In the last few chapters, Green covers the reason other texts were rejected as canonical, the agenda of those promiting the distortions of the message of the Da Vinci Code and other books promoting all or part of its message, and the importance of forcefully meeting the challenge. For a step back from the minutiae of the claims of Dan Brown's book and a wide-angle view of the greater issues behind the neo-gnostic movement in general, The Books the Church Suppressed is essential reading.
Sorting fact from fiction Feb 10, 2006
There are a number of good books out which critique the many fallacies and inaccuracies in Dan Brown's best selling novel. The books by Darrell Bock and Ben Witherington come to mind here. But this volume does not cover all the ground that those volumes do, but instead focuses on a more marrow topic. And that is the contention made by Brown that the early church suppressed many books which denied the deity of Christ and offered a more feminist version of spirituality.
Indeed, argues Green, Brown seeks to undermine the authority and authenticity of the four gospels and the New Testament, while at the same time elevate the authority of a whole range of spurious Gnostic writings. Thus Green here performs a two-fold task: defending the reliability of the Bible, especially the four gospels, and examining Gnosticism and its many expressions.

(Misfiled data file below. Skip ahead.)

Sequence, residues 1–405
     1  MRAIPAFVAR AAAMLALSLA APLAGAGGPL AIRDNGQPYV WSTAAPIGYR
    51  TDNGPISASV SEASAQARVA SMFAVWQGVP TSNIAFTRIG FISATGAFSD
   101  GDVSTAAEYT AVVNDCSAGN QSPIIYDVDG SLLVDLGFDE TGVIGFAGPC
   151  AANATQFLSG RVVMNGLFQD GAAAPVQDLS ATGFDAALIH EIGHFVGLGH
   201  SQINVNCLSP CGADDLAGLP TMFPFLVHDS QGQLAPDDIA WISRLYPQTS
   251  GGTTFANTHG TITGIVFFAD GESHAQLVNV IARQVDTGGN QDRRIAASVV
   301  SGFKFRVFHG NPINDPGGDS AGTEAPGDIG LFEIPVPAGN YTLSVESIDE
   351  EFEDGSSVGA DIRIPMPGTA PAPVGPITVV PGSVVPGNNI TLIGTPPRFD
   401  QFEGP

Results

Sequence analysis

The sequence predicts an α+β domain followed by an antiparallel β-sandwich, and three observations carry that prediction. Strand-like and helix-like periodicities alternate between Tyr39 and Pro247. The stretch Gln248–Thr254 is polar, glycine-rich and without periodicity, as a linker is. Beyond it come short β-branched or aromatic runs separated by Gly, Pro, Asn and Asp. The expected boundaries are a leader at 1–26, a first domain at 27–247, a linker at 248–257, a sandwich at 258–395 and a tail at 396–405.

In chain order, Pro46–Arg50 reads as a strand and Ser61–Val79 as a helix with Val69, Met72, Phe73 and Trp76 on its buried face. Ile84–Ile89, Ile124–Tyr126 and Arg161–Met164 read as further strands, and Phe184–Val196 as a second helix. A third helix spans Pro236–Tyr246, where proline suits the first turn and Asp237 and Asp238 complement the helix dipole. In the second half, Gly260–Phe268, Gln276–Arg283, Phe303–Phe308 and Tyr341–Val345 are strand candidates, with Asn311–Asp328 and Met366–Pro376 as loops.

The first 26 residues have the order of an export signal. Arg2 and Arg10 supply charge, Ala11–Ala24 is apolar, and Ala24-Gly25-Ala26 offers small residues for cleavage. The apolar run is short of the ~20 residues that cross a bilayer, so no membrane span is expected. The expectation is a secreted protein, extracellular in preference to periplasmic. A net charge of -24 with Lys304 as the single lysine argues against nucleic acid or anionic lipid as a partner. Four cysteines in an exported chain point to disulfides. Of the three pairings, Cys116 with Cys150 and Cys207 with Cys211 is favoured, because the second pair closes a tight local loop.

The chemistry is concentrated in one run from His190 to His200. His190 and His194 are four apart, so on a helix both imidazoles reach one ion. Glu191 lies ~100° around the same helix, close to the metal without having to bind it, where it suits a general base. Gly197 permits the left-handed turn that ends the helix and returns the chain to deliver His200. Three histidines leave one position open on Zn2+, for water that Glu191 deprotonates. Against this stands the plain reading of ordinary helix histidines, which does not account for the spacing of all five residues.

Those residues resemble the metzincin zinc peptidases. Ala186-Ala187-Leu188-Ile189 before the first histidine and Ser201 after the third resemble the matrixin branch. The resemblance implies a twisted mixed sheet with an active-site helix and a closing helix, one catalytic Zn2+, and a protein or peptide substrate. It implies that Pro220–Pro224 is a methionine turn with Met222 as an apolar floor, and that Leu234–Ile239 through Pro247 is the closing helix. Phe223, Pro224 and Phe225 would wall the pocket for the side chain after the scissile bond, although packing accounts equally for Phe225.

And Green is well placed to do this. He is a new Testament scholar who has written over 40 books. However, people might complain, "Why all the fuss over a novel". Well, not only has this been a best seller, with a blockbuster film soon to follow, but Dan Brown claims it is based on fact.
Thus many people are being led astray by the false clams and inaccuracies of his book. Moreover, while Brown is a novelist and not a scholar, there are a number of feminist and Gnostic scholars who he depends upon. And it is their scholarship especially that needs to be debunked. Therefore Green spends as much time critiquing the work of Elaine Pagels and Karen King as he does Brown.
The first half of this book examines the case for the reliability of the New testament, the reason why we have four gospels, how the canon was developed, and why there are 27 New Testament documents, and not more. Other scholars have made this case before (such as F.F. Bruce) but Green does a nice job of summarizing the evidence and nicely compiling the data. It makes for an impressive case for the Bible's authority in general and the gospels historicity and authenticity in particular.
In the second half of this book Green examines Gnosticism in detail. He shows how at odds the ideas of Gnosticism are from the claims of the New Testament, and how foolish is the notion that the Gnostic writings are somehow on a par with the New testament and were suppressed by the church. The Gnostic writings have nothing to do with the real Jesus, and they were rightly regarded by the early church fathers as heretical.
In this very helpful book Green shows that the real agenda of Brown is not just to get rich off of writing a best seller, but to overthrow historical Christianity and supplant it with a rival feminist/Gnostic/pagan worldview. As such it is a real threat to those who embrace biblical Christianity.
This volume unfortunately will never become a best seller like The Da Vinci Code. But it deserves to be widely read. The flood of misinformation, distortion and factual error in the best seller needs to be exposed. And Green has done a very good job of doing just that.